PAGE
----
Most of the news is bad news, but today I've got something that ought to make even the most jaded environmental skeptic happy.
Creative Loafing's Michael Wall has an interesting cover story
out this week about an Atlanta carpet company that has been slowly but surely "going green" for the past decade.
In 1994, Ray Anderson, former CEO of Interface Flooring Systems changed his company's entire business strategy based on Paul Hawken's book The Ecology of Commerce
. His goal? To make the company completely self-sustainable by 2020. He's not there yet, but then again, it's not 2020.
First, he started small.At first, Anderson changed the little things: putting recycling barrels for soft drink cans on plant floors and recycling bins for paper in the offices, searching for greener manufacturing materials that weren't made from petroleum products -- materials that unfortunately didn't yet exist
Later, he changed the way his factory operated.It used to be that Interface wasted as much as 10 percent of the yarn needed for every batch of carpet tiles. But with the new machines, leftover yarn was respooled. The machines cost the company $5 million, but according to Anderson, they paid for themselves in three years by reclaiming yarn.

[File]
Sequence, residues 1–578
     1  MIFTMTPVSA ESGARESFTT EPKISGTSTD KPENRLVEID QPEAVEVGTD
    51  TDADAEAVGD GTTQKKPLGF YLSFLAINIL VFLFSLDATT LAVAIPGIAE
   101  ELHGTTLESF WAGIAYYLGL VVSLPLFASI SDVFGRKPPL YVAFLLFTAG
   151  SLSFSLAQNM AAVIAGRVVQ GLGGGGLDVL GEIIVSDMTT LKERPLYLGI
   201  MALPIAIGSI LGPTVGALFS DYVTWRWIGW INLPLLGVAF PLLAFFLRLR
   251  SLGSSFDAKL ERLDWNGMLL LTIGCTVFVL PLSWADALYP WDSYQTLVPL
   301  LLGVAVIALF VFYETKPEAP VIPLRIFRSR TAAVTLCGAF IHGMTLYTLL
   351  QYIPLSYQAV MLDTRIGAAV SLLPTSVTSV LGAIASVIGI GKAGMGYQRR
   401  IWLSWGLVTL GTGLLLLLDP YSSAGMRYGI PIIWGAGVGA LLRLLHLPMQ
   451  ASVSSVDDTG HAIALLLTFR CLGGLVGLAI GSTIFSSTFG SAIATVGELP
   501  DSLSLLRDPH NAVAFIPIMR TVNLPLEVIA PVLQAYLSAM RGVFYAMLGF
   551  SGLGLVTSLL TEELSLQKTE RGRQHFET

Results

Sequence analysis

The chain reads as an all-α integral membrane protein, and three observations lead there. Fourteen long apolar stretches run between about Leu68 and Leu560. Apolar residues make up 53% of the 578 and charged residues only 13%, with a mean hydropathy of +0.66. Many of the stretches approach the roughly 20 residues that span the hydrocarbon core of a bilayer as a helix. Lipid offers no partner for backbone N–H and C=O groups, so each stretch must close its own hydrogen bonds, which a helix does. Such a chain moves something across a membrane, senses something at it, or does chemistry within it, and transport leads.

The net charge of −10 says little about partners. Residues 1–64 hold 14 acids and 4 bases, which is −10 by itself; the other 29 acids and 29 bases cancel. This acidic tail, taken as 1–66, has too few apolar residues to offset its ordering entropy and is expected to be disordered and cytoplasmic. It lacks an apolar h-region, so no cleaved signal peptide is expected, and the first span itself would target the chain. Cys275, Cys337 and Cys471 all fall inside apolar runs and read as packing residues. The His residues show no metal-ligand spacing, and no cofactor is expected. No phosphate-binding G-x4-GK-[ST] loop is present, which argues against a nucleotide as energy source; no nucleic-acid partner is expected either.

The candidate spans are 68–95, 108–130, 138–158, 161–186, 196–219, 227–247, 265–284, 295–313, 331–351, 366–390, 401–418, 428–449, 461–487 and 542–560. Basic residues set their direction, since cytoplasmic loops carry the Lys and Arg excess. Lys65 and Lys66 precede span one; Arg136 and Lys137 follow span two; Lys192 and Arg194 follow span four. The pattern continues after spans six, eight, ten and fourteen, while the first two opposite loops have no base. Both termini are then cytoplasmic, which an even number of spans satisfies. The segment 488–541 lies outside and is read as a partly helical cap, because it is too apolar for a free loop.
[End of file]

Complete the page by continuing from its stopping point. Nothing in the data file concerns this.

He had some setbacks, of course.But despite the efficiency of Interface's new technology, the company struggled financially in the decade after Anderson's awakening
But he seems to have overcome them.Only in the last year has the commercial carpet industry made even a modest comeback, and Interface has emerged from the slump with an advantage.
The Green Design concept has been in the works for a while now, but a lot of the strategies are still small-scale, expensive, or entirely theoretical. No matter what your thoughts are on the necessity of environmental consciousness (my father reads this blog ֠hi, Dad ֠and I have suffered through many a parental lecture about why he thinks recycling is impractical), you can't deny that this eco-friendly method seems to be working in the world of carpets.
I was fascinated with the way other carpet businesses dealt with the company's changes. Shaw and Mohawk, two of Interface's competitors, saw what the company was doing and came up with their own product innovations. I once read a book called Gain
that followed both the evolution of the American business and the modern consumer via a fictional corporation and a woman who blamed her cancer on the chemical products she ingested while living the typical 20th century lifestyle. The business grew from a small family venture, through the industrial revolution and into a modern corporation that cared only about "the bottom line." As for the consumer, the book never came out and said that all that fake orange powder on the Cheetos she'd been eating killed her, but it did raise the question. I read the book right when the organic foods trend hit, and nearly five years later, I still think about it every time I go to the grocery store, even if I don't actually buy anything organic (let's face it, Cheetos kind of taste good). I wonder if this Interface carpet company is the nonfiction sequel to the novel. In 100 years, will all companies be like this? I'm going to go with "no" but then again, maybe I'm wrong.